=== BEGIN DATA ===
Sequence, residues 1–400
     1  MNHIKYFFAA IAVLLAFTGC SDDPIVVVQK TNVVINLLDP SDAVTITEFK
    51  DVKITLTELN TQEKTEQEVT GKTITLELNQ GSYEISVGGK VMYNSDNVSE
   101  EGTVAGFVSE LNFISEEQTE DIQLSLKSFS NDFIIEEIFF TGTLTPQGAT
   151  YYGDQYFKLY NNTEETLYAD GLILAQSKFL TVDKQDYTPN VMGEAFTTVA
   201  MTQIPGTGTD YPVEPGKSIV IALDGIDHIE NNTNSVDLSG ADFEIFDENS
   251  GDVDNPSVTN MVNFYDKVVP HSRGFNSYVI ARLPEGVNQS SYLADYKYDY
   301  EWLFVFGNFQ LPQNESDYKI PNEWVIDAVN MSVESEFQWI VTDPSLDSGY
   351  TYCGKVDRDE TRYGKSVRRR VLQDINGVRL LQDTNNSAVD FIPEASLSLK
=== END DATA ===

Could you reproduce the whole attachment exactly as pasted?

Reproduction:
Sequence, residues 1–400
     1  MNHIKYFFAA IAVLLAFTGC SDDPIVVVQK TNVVINLLDP SDAVTITEFK
    51  DVKITLTELN TQEKTEQEVT GKTITLELNQ GSYEISVGGK VMYNSDNVSE
   101  EGTVAGFVSE LNFISEEQTE DIQLSLKSFS NDFIIEEIFF TGTLTPQGAT
   151  YYGDQYFKLY NNTEETLYAD GLILAQSKFL TVDKQDYTPN VMGEAFTTVA
   201  MTQIPGTGTD YPVEPGKSIV IALDGIDHIE NNTNSVDLSG ADFEIFDENS
   251  GDVDNPSVTN MVNFYDKVVP HSRGFNSYVI ARLPEGVNQS SYLADYKYDY
   301  EWLFVFGNFQ LPQNESDYKI PNEWVIDAVN MSVESEFQWI VTDPSLDSGY
   351  TYCGKVDRDE TRYGKSVRRR VLQDINGVRL LQDTNNSAVD FIPEASLSLK